Melchior Schildt was born in 1592 or 1593, probably in Hannover. After having studied for some years with Andreas Crappius, who was Cantor in Hannover, he left in December of 1609 for Amsterdam to study, probably for a period of three years, with Jan Pieterszoon Sweelinck. From this time until the year 1623 there are no biographical data preserved. From 1623 to 1626 he was organist in Wolfenbüttel. From 1626 to 1629 he was in the service of King Christian IV of Denmark, one of the most munificent musical patrons of the 17th century.
It appears from a receipt signed by Schildt that he gave music lessons to the King’s children. Whether or not he was Court Organist, and in that capacity played the famous Compenius organ in Frederiksborg castle, is unknown. In 1629 he returned to Hannover, where he succeeded his father as organist of the Marktkirche. He held this position until his death in 1667.
Reports of contemporaries give the impression that Schildt was considered a remarkable musician: Matthias Henriksen Schacht calls him in “Musicus danicus eller Danske Sangmester” (1687) a “melotheticus ingeniosus”; Johann Rudolf Ahle considered him in his “Neu-geplantzter Thüringscher Lustgarten” (1657) to be one of the most prominent musicians: “Es hat S im ABC, was die Musik thut angelangen. Schütze, Schein, Scheidt, Schop, Schildt, Schulze, Sell’ und letzlich Scheidemann. Diese sinds, die hochhertraben mit gedachter Himmelskunst: Diese Achten allein bleibet diese Zeit der Preiß und Gunst.”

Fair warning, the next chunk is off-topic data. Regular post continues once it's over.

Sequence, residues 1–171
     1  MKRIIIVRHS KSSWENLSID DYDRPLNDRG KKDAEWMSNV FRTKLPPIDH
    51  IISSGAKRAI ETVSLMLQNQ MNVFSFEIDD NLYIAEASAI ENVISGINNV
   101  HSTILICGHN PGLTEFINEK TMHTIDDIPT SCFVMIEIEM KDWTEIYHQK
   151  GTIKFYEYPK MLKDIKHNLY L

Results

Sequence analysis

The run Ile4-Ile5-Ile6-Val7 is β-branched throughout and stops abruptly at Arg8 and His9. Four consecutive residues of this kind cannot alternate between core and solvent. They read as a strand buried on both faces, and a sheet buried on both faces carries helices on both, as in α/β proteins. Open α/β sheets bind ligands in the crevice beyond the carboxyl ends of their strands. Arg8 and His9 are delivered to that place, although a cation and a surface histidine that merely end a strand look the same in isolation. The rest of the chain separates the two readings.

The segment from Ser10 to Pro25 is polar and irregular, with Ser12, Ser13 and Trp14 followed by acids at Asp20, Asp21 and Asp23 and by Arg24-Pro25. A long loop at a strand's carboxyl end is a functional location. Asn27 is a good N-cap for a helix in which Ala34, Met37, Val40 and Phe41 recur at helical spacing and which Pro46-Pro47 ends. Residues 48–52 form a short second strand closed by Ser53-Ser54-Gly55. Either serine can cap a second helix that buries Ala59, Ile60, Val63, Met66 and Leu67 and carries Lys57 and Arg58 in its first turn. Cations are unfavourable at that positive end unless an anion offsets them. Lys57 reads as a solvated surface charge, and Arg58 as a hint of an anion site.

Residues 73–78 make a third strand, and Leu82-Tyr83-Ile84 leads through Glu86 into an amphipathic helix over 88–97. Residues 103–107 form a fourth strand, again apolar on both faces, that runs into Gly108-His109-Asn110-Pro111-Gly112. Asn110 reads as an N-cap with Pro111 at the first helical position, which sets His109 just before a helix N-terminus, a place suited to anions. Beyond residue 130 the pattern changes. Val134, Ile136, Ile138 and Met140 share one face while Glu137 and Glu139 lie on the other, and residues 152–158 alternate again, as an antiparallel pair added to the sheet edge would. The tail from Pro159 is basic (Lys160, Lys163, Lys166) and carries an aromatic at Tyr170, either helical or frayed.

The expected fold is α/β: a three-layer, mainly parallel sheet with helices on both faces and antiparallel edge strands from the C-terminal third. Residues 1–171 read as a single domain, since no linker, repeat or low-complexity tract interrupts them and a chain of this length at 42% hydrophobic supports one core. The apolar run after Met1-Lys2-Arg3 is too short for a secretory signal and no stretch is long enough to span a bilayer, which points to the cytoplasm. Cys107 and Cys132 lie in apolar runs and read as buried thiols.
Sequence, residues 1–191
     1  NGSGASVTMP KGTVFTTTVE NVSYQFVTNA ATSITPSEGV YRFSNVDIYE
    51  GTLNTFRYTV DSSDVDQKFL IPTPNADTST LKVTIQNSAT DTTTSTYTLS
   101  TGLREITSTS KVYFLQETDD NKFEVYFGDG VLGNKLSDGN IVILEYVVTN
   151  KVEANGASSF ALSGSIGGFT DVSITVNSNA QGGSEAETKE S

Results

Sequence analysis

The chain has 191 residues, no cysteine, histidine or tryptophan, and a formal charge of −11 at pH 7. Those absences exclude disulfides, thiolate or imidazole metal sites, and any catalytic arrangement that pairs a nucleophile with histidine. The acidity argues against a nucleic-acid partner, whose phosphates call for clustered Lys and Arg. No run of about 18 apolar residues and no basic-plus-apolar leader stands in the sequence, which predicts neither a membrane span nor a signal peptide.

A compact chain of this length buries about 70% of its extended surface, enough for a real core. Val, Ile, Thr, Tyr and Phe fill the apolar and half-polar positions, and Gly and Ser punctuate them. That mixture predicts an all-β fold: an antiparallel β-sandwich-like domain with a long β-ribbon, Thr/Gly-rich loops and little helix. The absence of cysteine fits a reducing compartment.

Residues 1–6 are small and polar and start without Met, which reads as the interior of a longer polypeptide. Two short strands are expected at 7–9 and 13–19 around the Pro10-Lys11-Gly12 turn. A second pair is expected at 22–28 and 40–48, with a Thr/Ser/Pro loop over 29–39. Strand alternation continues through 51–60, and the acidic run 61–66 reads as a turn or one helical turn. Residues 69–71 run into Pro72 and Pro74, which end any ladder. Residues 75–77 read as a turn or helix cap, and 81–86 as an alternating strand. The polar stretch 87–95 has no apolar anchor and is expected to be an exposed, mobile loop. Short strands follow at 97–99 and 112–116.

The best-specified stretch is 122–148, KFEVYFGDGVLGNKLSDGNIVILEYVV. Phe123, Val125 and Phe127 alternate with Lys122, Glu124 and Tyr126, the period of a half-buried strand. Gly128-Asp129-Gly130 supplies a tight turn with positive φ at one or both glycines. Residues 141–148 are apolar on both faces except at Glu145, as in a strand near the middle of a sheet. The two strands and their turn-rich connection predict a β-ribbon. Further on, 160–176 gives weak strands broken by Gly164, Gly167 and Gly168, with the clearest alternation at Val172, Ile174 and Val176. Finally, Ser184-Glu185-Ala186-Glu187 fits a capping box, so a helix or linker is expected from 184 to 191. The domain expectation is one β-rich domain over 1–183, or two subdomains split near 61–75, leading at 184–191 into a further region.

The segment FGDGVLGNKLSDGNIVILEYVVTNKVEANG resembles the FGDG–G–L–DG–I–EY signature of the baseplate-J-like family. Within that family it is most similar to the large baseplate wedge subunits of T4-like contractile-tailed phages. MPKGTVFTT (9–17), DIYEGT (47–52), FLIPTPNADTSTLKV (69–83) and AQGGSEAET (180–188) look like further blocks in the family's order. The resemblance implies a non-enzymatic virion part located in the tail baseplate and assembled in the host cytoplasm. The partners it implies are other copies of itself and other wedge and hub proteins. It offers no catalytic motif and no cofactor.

Johan Gottfried Walther stated in his “Musikalisches Lexikon” (1732) that Schildt was so famous “that it was said of him: he could play, according to his fancy, in such a way that one was forced to laugh or to cry.” From the information offered by Ernst Ludwig Gerber in his “Neues historisch- biographisches Lexikon der Tonkünstler” (1812-1814) we can infer, however, that he was soon forgotten.
Although research has unearthed a number of biographical data, many questions about his musical life remain unanswered. For example, nothing is known of his period of study with Sweelinck, his contacts at the court of Christian IV, who made his court a cultural center for all of Europe, his relationship to Schütz, or of his work as a teacher.